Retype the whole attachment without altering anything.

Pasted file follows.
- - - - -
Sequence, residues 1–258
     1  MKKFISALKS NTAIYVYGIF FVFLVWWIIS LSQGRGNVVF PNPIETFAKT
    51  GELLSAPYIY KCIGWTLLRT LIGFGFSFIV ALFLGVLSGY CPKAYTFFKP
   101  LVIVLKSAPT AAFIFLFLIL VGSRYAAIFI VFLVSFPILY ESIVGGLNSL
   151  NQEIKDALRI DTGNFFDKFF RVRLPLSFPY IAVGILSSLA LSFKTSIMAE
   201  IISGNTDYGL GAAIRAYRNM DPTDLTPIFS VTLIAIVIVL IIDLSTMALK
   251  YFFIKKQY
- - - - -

Sequence, residues 1–258
     1  MKKFISALKS NTAIYVYGIF FVFLVWWIIS LSQGRGNVVF PNPIETFAKT
    51  GELLSAPYIY KCIGWTLLRT LIGFGFSFIV ALFLGVLSGY CPKAYTFFKP
   101  LVIVLKSAPT AAFIFLFLIL VGSRYAAIFI VFLVSFPILY ESIVGGLNSL
   151  NQEIKDALRI DTGNFFDKFF RVRLPLSFPY IAVGILSSLA LSFKTSIMAE
   201  IISGNTDYGL GAAIRAYRNM DPTDLTPIFS VTLIAIVIVL IIDLSTMALK
   251  YFFIKKQY